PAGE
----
Muslims round the world have been transfixed by pictures of Iraqi civilian casualties on the Arab satellite channel, al-Jazeera. More than 70 civilians are reported to have been killed during the assault on Basra. The pictures included an iconic image of an Iraqi boy whose forehead had been blown off. They ask: is this the liberation that the Rumsfeld-Wolfowitz-Perle axis so gleefully promised the Iraqi people?
A trawl through our own papers and the UK news channels to find these images proved to be in vain. We switched channels repeatedly from the BBC to Sky to ITN and back again, and saw nothing of the slaughter of the innocents in Basra. What we found instead was a front-page story in The Sunday Telegraph about President Saddam Hussein having been so badly injured by the first US airstrike that he needed a blood transfusion. The story soon breathed its last when Saddam, for ever throwing a spanner in Western works, turned up on Iraqi TV yesterday, looking decidedly as if he had not had a recent close encounter with a cruise missile.
Later yesterday, we had another hot story, reported first in the Jerusalem Post, claiming that the US 3rd Infantry division had captured an Iraqi chemical weapons factory in Najaf, 250km south of Baghdad. The US commander Tommy Franks soon put a dampener on that by saying it was too early in the campaign to have found any chemical weapons.
It must be a coincidence that Richard Perle is a director of the Jerusalem Post and happens also to be chairman and CEO of Hollinger Digital Inc. Hollinger International (the parent group of Hollinger Digital) is the owner of both The Sunday Telegraph and the Jerusalem Post.
And remember that just last Tuesday, in a strangely under-reported section of his devastating resignation speech, Robin Cook said that Iraq probably didn't possess any actual chemical or biological weapons.
Many British Muslims are now very sceptical about what they see and hear and are seeking other sources of information to find out what is really going on in Iraq in our name, but without our consent. E-mails have been flying to and fro giving the latest links to pictures carried on aljazeera.net. The past few months have seen thousands of British Muslims working closely with non-Muslim colleagues to organise peaceful anti-war demonstrations. But now that many of their own MPs have ignored their opinions by backing our Government's decision to ally itself with an aggressive US agenda, many feel disenfranchised. Why, they ask, has the Government provided an isolated US with a figleaf of respectability to cover what they fear is the start of a neocolonial venture?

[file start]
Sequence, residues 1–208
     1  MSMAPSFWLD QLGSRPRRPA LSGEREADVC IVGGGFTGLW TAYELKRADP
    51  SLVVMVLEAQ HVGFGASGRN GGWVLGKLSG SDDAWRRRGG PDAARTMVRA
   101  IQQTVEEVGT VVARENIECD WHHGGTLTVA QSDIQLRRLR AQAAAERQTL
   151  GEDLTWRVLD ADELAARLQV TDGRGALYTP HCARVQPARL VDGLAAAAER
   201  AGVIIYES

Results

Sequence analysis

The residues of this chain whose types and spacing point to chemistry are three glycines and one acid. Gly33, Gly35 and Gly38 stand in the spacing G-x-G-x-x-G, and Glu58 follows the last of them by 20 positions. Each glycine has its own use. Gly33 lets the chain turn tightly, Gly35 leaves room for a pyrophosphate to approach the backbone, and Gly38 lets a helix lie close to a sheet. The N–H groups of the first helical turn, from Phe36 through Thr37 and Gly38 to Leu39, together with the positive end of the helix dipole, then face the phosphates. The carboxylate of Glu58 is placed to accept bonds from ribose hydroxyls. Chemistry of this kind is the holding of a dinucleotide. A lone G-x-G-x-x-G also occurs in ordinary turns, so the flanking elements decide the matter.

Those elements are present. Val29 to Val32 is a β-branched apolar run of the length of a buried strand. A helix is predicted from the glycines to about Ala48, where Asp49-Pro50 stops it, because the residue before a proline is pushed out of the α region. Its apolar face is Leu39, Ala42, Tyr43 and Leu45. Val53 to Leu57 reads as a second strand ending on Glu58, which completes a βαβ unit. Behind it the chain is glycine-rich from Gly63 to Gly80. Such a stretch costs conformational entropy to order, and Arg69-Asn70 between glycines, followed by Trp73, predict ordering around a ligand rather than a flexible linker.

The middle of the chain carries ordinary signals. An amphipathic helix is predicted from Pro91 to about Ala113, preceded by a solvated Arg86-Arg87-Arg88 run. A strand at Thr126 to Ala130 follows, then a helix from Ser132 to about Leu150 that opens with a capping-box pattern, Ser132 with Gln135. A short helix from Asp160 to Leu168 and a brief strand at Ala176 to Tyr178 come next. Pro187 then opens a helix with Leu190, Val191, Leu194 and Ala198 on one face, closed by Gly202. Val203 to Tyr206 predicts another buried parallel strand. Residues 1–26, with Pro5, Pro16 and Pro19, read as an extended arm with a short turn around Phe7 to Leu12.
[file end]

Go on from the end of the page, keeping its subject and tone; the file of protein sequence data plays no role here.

Yesterday, Tony Blair said that "coalition forces" were trying to reach Baghdad as swiftly as possible. British Muslims have begun asking themselves who will be next in the American firing line. Already, Ariel Sharon, the Israeli Prime Minister, has gone on record - in this very newspaper as it happens (November 5, 2002) - with his own bid by saying that "the day the United States finishes with Iraq, it should start with Iran". In the Rumsfeld-Wolfowitz-Perle axis, Mr Sharon has some powerful friends who are only too ready to lend a willing ear.
We do not know whether Baghdad - the one-time capital of the glorious Abbasid Caliphate - will fall quickly or at what cost. We can be sure, though, from what we have seen of the Iraqis, that any victory and celebrations will be shortlived.
Iraqis are not going to take their "liberation", or any new pax Americana, lying down - and nor are British Muslims going to forget what their Government did in their name.
The author is media secretary of The Muslim Council of Britain